What does student growth mean in practice?

August 7, 2022
 | By 
Ed Cunningham

I want to talk about the hot topic of Student Growth, but I’m going to take the long way around. So let's begin with a little pop quiz:

Which of these statements is more meaningful?

  • Kamala earned a scale score of 1621 on Grade 4 STAAR Math this year.
  • Kamala scored within the Meets Grade Level performance level on Grade 4 STAAR Math this year.

How about these statements?

  • Julio earned Approaches Grade Level on Grade 3 STAAR Math last year, and the difference between his Grade 4 STAAR Math and Grade 3 STAAR Math scale scores is 105.
  • Julio’s Progress from Grade 3 to Grade 4 on STAAR Math was Expected.

As educators, we can’t do much with a 1621 or a 105. We need the words and descriptors that go with these numbers to help us figure out what each of our students might need from us.

Often in local assessments, we assign percent scores to student results based on the number of items they get correct. Then we attempt to associate meaning to these results. Since 70% of the questions were correct, Maria gets a passing grade in the grade book (and can take part in extracurricular activities). But this is a summative use of a score. If we are trying to inform potential intervention or enrichment needs, what does this 70% mean? If the assessment were a vocabulary quiz, can we consider 70% to be “passing”? What if it were an end-of-unit exam? How many items on the assessment were DOK 1, DOK 2, or DOK 3?

So now we are on a slippery slope. We hear someone ask the question, “What percent scores on STAAR equal the different performance levels?” We do a few conversions and end up with some cut scores and try to call them “approaches, meets, and masters” for our local tests. We have ended up in a space where we are treating our local fractions unit tests as though they are scaled with the state’s Assessment of Academic Readiness scale scores. We might even find ourselves subtracting some percent scores to try and identify something that might look like “growth” methodologies.

A Celsius temperature reading cannot be subtracted from a Fahrenheit one because they are not using the same scale. To compare them, you have two options. If you need to know the actual temperature difference, you need to convert them to the same scale. If you just want to know if you need to bring a sweater or a jacket, labels like cold, cool, warm, and hot will suffice. It was cold this morning, it is warm right now, but it will cool down some at sunset, so I still need at least a sweater for later. I am using measurements to draw conclusions and then make an action plan. It is the action plan that ultimately matters to me.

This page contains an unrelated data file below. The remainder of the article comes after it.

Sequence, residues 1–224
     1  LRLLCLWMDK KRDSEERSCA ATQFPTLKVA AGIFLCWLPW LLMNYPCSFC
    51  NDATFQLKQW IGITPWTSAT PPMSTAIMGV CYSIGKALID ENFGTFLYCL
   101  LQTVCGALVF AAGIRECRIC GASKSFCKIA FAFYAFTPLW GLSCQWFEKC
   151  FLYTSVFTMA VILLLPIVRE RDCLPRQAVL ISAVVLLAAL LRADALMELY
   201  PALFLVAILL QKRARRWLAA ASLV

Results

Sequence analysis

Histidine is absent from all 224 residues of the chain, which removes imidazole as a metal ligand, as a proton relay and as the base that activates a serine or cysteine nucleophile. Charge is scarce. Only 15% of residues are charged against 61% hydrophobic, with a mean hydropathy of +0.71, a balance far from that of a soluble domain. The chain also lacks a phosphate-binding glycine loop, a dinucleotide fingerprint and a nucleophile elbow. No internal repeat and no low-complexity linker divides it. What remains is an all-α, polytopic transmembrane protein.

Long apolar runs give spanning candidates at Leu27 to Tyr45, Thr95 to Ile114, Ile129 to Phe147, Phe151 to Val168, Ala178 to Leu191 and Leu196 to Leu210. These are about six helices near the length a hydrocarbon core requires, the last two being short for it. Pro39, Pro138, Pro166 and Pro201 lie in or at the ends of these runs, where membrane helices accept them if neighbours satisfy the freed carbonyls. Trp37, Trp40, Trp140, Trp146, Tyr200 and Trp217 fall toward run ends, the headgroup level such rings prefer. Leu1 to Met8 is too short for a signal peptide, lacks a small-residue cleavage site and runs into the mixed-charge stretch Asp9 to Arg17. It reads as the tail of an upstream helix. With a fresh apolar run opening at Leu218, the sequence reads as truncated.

The same is true with measurements of student learning. We as educators assess student knowledge and skills through a variety of formal and informal methods. We do this to draw conclusions about learning to make action plans for first-time instruction, intervention, and enrichment. It is those plans that matter for our pedagogical practices.

Our challenge: how can we make our varied assessment data have meaning for drawing conclusions? 70% on a vocabulary quiz does not exist on the same scale as 70% on an end-of-unit exam or 70% on STAAR. So why would we treat these numbers as though they do? Instead, why not treat student performance on our local assessments as something that needs performance levels with descriptors? Maybe something like a vocabulary quiz, with its focus on DOK 1 items, has two performance levels: Satisfactory and Needs Review. A unit exam might need more nuance and could have three levels like STAAR: Approaches Unit, Meets Unit, and Masters Unit. A student who consistently earns “Satisfactory” on quizzes and “Meets Unit” on bigger exams might benefit from practice in DOK 3-level assessment tasks. One who often earns “Approaches Unit” might have deficits in the application of their knowledge.

Now we can discuss student growth. Continue reading about student growth.

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